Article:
Son of Libyan dictator Muammar Gadhafi announces presidential run
Seif al-Islam Gadhafi was at one point the heir-apparent to his father's dictatorship
The son of the late Libyan dictator Muammar Gadhafi has announced he will run in the country's upcoming presidential election.
Seif al-Islam Gadhafi, who is wanted by the International Criminal Court for crimes against humanity pertaining to the 2011 Arab Spring, filed Sunday to run in the southern town of Sabha, about 400 miles south of the capital city of Tripoli.
The candidate was captured by rebel fighters in 2011 following the toppling of his father's regime after more than four-decades in power. The elder Gadhafi was subsequently killed in October 2011 as fighting began in what would turn into a civil war. Seif al-Islam, who has a doctorate degree from the London School of Economics, was held in prison until June 2017.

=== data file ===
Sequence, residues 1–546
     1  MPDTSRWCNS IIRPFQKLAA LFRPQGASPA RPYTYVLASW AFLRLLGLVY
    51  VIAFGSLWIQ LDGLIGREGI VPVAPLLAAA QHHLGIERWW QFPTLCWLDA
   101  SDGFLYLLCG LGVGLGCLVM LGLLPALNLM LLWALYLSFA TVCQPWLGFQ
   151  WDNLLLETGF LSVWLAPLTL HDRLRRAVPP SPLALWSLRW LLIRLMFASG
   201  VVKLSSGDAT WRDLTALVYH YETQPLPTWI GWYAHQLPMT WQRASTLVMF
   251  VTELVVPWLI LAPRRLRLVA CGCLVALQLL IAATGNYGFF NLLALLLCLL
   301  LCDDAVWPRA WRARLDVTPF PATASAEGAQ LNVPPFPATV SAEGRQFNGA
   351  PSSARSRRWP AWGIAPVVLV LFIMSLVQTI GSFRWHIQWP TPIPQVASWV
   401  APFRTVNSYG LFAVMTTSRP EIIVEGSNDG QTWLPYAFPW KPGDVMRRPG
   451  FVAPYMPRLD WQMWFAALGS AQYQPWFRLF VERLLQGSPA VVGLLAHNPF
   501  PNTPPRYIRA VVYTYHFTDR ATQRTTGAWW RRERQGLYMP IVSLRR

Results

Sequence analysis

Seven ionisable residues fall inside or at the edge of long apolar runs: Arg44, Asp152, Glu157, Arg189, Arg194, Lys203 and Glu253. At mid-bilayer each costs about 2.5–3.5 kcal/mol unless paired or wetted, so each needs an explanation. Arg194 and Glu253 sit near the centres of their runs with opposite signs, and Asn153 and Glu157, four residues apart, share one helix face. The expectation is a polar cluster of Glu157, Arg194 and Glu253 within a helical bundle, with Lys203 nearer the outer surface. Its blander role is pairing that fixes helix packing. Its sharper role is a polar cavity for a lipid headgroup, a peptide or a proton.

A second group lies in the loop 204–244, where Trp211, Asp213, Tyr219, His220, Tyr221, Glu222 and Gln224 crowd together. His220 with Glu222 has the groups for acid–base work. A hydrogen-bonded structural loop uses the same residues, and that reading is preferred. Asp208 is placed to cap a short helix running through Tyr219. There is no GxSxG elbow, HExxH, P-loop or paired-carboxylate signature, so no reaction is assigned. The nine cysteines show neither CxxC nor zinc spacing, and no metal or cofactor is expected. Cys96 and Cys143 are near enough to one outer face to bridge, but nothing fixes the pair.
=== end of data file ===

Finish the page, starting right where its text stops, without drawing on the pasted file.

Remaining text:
He is the first candidate to announce his bid for office with elections next month. Gadhafi is expected to be joined in competition by one of the troubled country's most powerful military commanders, Khalifa Hifter, the speaker of the Parliament, Agila Saleh, and Fathi Bashaga, the former Interior minister.
Gadhafi has close ties throughout the country, but many who remember his father's dictatorship will undoubtedly reject his campaign, particularly armed militia groups in Tripoli and Misrata.
The elections, which will take place Dec. 24, follow years of United Nation's-led campaigns to usher in a more democratic system of governance in the country that has been (and still is) bitterly divided for the past decade.
The vote will face significant challenges, including the ongoing rift between the country's eastern and western governmental powers, as well as unresolved issues over how to govern the elections.
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